16. I had dinner at Matisse earlier this week and was pleasantly surprised. This was a business dinner and the host chose the place; after a few rounds of anxious research here and elsewhere on the web, my expectations were not high, but the evening was quite nice. We were at the chef's table/wine room, which is a sort of open corner (2 sides lined with wine racks) off the kitchen. Caveats - this was a six-course fixed-menu large-group meal, with dedicated servers and such, so I don't think it's necessarily representative of a regular dinner experience there and I have no idea what anything cost. Also, I think there must be another kitchen farther back or something, because I didn't see much action -- if your idea of a chef's table is to watch flashing knives and flames, you won't see much of that here. That said, the food was thoughtful, creative and for the most part meticulously prepared. Matisse's web page calls it French-Mediterranean, but I'd say it's just French - we're talking cream and butter here, not olive oil and basil. Take an extra Lipitor and enjoy yourself. Standouts included the cocktail snacks (perfect little crab cakes the size of bay scallops, just slightly crunchy and spicy), a demitasse of creamy/spicy pumpkin-coconut soup (a flavor pairing new to me that I thought came off brilliantly), a cheese plate (hooray!), and squab with foie gras in a cabernet reduction. (A couple of quibbles about that one: with such a small amount of squab, I was puzzled as to why I got a nearly-meatless length of bone with mine -- not even enough to gnaw off; I didn't find that the chestnuts added much to my experience; and the wine paired with it, a white Bordeaux if memory serves, was startlingly sweet and I didn't find it worked for me.) Portions were small but satisfying; with six courses, I was grateful they weren't larger. Wines paired with the menu were generally delightful, and a Stemmler Pinot Noir was a big hit. (I was making big plans till I looked it up on Total Wines the next morning and found out it retails for $30/bottle!)
  17. Baytna means "our home" in Arabic. I stumbled upon this little lunch counter while picking up a barbecue order at Mission BBQ in the same plaza. I noticed the pictures on the front of Baytna Mediterranean Kitchen and it conjured up the recent thread on hand-pressed shawarma. And they claim their chicken shawarma is "famous" but I haven't tried it yet. They serve no alcohol, but I intend to check it out in the near future...
  18. They have a new spinoff location in Bethesda that is doing the Chipotle model, Cava Mezze Grill. Pita, rice bowl, salad, mini flatbread pitas (to top like tacos) - you get a shmear of a spread and then protein (chicken/beef/lamb/sausage/falafel). Seems like another Chipotle-meets-(insert country) - like Merzi in downtown DC, but with arguably more potential. I'm definitely curious as I think their spreads are pretty good, but I'm not go-to-Bethesda-for-a-fast-casual-lunch curious. Anyone been?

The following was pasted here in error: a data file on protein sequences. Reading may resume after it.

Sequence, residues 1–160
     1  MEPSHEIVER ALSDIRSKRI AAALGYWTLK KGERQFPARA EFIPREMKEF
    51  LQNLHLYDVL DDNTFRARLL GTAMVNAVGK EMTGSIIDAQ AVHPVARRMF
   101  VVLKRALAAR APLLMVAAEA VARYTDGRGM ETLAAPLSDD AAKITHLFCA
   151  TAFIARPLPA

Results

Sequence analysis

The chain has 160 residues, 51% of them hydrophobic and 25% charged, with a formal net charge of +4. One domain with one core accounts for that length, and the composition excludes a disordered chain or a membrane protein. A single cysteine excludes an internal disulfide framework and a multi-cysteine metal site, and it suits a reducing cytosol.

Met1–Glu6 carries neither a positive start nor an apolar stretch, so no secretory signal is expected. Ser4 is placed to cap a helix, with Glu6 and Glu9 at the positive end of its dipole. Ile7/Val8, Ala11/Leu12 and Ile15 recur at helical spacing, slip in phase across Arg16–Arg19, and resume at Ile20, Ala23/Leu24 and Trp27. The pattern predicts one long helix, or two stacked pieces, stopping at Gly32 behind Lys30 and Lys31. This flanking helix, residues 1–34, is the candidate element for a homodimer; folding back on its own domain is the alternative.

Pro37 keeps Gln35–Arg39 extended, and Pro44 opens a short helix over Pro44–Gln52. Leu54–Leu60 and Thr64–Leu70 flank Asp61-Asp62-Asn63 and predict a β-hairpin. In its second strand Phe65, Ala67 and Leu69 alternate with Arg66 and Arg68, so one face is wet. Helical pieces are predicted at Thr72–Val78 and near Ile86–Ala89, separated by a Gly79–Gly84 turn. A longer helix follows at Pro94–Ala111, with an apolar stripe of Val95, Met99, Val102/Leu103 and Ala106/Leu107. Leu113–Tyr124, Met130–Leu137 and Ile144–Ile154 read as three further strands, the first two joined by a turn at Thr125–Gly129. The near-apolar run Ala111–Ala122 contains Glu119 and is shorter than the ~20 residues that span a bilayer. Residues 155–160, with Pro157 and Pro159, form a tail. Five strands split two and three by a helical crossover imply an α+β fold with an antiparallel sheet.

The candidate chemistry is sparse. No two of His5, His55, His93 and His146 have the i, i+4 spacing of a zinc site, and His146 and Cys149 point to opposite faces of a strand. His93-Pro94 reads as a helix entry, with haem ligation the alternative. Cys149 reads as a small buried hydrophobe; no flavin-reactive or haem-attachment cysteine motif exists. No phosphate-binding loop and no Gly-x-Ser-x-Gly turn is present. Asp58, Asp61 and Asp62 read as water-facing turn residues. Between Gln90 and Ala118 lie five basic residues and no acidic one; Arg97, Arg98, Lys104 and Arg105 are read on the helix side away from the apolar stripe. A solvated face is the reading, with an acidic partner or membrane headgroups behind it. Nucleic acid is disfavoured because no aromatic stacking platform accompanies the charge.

19. Mar 3, 2017 - "At Kismet, Your Culinary Destiny May Come in the Form of Rabbit Kebabs" by Jonathan Gold on latimes.com
  20. I'm amazed that there's still no thread for Fig & Olive, a week after opening! Well, time to correct that. I can report that their second public evening, June 26, was a huge success--in contrast to Space-X's Falcon 9 launch that morning. My wife made a reservation for us a few weeks in advance. Good thing, because our excellent bartender, Carlos, informed us that they had 500 reservations on opening night the day prior, and the place was nearly full at 6:30pm despite some of the most torrential rains I've seen in a while. For a few more days they open a 4pm daily, but soon they'll be open for lunch--I think starting July 6. Background: You can read about the restaurant group's concept on it's website, but in short it's "Mediterranean cuisine" and features, fresh, seasonal ingredients and olive oil cooking. The menu has dishes inspired by Spain, Italy, Greece, and so on. They make a point that they don't use butter in the kitchen (except for a puffed pastry dessert). They focus on fresh ingredients and slowing things down. To that end, there's a liberal array of pillows and comfy chairs and couches set up for dining on the first floor, in addition to the main bar. They also pointed out power strips under the bar, saying it's to encourage getting some work done (likely not during happy hour!). There's a patio dining area, which is on the Palmer Way and is shielded from main streets by the City Center buildings. On the second floor is a more traditional dining setup, with pillows and a second bar. The decor reminds me of upscale Pottery Barn, but not in a bad way. There's also a private dining room, where Ashton Carter and wife (and security) enjoyed an early dinner before we spotted them on the way out. Bar: The bar service is fantastic. Crostini! Ok, couldn't write any more without saying it. There about 10 crostini options, available in 3 or 6-piece orders. They are hands down the best crostini I've ever had anywhere. I would eat 3 or 6 of every one I tasted. We spit 6, asking for chef's choice (as long as we got the Burrata). Each one comes on a toasted piece focaccia about 3x1.5" and nearly .25" thick. You can cut most in half to share. One of the most interesting was "heirloom carrot, shaved thinly, with spicy charmoula and tapenade. Amazing. So was the Burrata, Prosciutto, Pata Negra, Shrimp & Avocado, and others. Carlos told us the staff had been training for about 2 months, and he was familiar with all the menu items which we asked about. I enjoyed a seasonal cocktail which started with muddled celery & arugula, added lemon juice, rum and fresh pepper. Very refreshing. My wife enjoyed Champagne. They have four beers on tap, one of which is Port City Optimal Wit. Kudos to Bill Butcher for landing that. Dinner: When we sat for dinner we had attentive, competent, knowledgeable service. The "spring" menu is great, front and back. I had the Paella del Mar (looks smallish, but filling and delish), others had Chilean Sea Bass (marinated w/ lemon thyme, carrot, asparagus, celery root purée, roasted potato, charmoula mascarpone harissa olive oil emulsion) and Truffle Risotto. The Sea Bass was probably the best. The presentation of Rosemary Lamb Chops is notable. They arrive sliced on a plate under glass, which is then removed to great fanfare, allowing the aromas and some steam to escape. Focaccia bread is served with dinner, accompanied by three olive oils: a Spanish, an Italian, and a Greek-style (which is actually from California), all available for purchase. Wines: You can review the list here. By the glass feature mostly European wines with a few from CA. Oddly, the upstairs bar was adorned with quite a few bottles of Dom Pérignon. A DP Rosé (2003) is available for $625. Desert: I can only remark on the Caramelized Apple Tart; it was very good but merits no more discussion. My only complaint was that the coffee (normalé) was marginally warm. A refill was so tepid I asked for fresh, which was soon brewed. Still not as hot as I'd expect but ok. Espresso-drinks are prepared in the largest Nespresso machine I've ever seen, by the upstairs bar. I would normally scoff at this, but I recently read coffee uber-brain James Hoffman's piece on how specialty coffee can no longer just scoff at Nespresso. So it was interesting to see that kind of equipment in a place like Fig & Olive. Final notes: All in all, this is a different experience from most DC dining. We had a great time and plan to return soon. My main concern now is getting a reservation. When I need to write at some point in the future, I look forward to hangin' at the bar writing with a Manhattan, rather than a latte in a coffee house. Another interesting note on atmosphere: a DJ begins spinning tunes in the lounge about 8pm. Very tasteful and cool vibe. The music doesn't intrude into the upstairs.